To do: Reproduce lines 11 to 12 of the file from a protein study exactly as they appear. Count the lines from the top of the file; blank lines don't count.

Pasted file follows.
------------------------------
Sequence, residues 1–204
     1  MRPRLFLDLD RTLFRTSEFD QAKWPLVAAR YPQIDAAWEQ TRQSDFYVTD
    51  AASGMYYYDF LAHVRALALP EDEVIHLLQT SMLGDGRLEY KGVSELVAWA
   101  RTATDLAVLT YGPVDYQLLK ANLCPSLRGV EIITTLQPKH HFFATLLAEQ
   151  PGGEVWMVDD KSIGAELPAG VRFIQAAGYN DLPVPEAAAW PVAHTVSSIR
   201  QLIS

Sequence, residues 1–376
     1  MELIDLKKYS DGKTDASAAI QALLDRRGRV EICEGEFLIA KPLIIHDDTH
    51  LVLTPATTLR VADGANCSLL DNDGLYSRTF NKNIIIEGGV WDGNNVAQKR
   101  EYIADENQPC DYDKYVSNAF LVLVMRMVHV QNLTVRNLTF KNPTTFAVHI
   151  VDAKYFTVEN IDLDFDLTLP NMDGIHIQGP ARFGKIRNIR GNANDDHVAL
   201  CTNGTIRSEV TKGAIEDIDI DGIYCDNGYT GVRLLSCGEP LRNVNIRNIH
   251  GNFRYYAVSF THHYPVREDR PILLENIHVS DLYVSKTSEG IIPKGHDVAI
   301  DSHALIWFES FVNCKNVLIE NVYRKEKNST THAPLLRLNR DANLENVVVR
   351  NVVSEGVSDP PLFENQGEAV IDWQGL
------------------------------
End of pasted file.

   151  VDAKYFTVEN IDLDFDLTLP NMDGIHIQGP ARFGKIRNIR GNANDDHVAL
   201  CTNGTIRSEV TKGAIEDIDI DGIYCDNGYT GVRLLSCGEP LRNVNIRNIH